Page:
Friday, June 30, 2017

"How To Be A Man: A Guide to Style and Behavior for the Modern Gentleman" by Glenn O'Brien (Rizzoli)


I'll read anything by the late and great Glenn O'Brien.  He wasn't the easiest writer to follow, since he moved around a lot from one publication to another, and had various positions in the commercial world for the fashion and magazine industry.  I discovered him when he wrote his music column in Interview Magazine sometime in the 1970s.  His wit and style came out when he wrote brief pieces on the bands that were performing in NYC during the height of the punk era.  "How To Be a Man: A Guide To Style and Behavior for The Modern Gentleman" is his masterpiece.

On the surface, this is a guidebook for the guy who is trying to improve himself, but there is something textural in this book that goes very deep into one's consciousness.  O'Brien wrote a column for GQ, and I suspect that this book is a collection of his writings from that publication.  The interesting thing is that it starts off with the subject matter of what it is like to a male in the 21st century, but then goes off on different tangents regarding class, politics, and how one carries himself in a world that seems pointless at times.  O'Brien makes sense of the chaos and gives advice in how one can handle themselves in this world of uncertainty.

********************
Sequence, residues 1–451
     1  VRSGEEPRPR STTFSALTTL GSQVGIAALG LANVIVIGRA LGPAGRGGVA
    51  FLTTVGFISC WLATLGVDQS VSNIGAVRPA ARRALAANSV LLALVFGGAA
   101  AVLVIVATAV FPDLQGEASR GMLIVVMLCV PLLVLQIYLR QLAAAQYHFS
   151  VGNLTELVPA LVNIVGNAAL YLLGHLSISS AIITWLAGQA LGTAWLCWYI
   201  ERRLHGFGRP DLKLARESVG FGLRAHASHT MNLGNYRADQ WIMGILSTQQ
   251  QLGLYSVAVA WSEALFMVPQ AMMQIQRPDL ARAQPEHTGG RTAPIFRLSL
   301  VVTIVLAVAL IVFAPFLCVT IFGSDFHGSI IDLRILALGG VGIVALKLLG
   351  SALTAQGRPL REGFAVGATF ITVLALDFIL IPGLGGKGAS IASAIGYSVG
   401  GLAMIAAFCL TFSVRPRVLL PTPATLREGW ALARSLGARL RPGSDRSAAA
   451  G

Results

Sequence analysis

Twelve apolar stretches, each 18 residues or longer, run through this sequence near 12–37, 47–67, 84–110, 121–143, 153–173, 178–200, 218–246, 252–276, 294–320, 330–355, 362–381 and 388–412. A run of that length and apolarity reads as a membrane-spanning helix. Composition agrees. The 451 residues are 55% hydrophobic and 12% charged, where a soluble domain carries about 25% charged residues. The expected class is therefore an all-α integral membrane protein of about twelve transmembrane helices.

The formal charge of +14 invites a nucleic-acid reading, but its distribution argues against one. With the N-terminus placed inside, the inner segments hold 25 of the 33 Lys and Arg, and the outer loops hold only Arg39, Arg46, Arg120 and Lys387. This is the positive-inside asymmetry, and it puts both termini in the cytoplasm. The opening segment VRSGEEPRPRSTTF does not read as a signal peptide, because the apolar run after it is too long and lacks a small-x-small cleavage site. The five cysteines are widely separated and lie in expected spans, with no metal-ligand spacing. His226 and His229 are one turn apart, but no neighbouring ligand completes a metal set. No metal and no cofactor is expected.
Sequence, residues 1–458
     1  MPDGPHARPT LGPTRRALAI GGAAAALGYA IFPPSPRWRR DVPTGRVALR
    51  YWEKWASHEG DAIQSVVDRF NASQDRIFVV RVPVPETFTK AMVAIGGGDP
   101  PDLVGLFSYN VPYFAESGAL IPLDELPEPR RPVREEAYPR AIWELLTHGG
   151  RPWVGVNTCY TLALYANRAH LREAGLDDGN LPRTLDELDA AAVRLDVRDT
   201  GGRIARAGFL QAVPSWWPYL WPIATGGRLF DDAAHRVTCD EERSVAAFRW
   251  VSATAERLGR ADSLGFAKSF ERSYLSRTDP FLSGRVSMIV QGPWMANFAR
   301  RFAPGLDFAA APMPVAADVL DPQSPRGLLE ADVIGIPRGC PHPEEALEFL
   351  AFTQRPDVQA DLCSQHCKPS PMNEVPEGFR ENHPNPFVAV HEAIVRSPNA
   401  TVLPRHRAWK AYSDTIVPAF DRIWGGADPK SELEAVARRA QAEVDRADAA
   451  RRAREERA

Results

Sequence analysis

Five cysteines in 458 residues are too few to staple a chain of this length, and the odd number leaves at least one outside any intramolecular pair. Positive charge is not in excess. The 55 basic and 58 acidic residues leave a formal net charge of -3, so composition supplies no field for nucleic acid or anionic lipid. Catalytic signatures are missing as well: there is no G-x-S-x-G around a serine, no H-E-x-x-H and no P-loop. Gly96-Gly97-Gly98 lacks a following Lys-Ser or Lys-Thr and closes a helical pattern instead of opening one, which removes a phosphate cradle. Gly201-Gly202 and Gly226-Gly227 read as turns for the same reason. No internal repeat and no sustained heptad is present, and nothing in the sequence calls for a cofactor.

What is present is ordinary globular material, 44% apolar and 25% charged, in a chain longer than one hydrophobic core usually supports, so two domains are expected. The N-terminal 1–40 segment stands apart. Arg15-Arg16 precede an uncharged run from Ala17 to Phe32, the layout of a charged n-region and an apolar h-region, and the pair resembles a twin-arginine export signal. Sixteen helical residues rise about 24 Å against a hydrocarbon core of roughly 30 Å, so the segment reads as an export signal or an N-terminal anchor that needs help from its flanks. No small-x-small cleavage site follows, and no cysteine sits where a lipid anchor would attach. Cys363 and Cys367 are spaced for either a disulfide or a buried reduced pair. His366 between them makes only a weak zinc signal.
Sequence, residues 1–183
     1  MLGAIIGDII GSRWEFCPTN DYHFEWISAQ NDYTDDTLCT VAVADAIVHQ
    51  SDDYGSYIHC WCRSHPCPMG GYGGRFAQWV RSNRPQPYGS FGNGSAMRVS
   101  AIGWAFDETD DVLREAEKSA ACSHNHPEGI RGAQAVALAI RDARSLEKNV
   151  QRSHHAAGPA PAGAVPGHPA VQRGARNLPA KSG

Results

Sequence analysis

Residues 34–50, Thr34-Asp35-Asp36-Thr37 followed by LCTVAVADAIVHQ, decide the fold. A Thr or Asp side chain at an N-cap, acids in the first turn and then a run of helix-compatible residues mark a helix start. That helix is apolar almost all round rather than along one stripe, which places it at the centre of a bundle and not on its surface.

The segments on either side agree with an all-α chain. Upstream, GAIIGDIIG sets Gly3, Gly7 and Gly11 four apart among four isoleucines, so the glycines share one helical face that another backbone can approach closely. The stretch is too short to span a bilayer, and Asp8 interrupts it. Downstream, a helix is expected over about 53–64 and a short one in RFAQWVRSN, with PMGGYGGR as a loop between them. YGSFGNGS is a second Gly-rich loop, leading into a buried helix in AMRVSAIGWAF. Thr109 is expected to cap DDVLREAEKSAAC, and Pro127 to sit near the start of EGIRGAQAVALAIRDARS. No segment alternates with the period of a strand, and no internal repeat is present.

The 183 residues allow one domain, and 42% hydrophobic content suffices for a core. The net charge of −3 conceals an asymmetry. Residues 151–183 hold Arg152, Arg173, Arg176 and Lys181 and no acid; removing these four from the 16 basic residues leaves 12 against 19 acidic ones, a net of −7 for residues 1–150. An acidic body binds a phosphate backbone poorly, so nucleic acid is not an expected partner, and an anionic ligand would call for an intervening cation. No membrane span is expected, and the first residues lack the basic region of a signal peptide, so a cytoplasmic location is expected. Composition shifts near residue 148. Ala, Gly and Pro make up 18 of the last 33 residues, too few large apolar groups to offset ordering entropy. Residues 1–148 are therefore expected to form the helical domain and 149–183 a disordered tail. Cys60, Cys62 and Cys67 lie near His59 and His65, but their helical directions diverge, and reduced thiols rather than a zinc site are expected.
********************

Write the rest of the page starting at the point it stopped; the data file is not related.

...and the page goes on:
O'Brien quotes Oscar Wilde (duh), Boris Vian, and various European and American authors, as well as dipping into the contemporary arts and music.  His range of interest is endless, and his love for culture is like a bottomless well. It never ends.  The book's format is tight chapters on specific subject matters.  "Socks," "Underwear," Shirts, and so forth.   It eventually springs to the topic of aging and death.   Since O'Brien passed away recently, it is quite moving (and hysterical) to read these later chapters in this book.  If one likes the essay writings of John Waters, then for sure, you will love Glenn O'Brien, and especially this book.   Lots of good advice, but it is also a great way of spending time with a unique character.  
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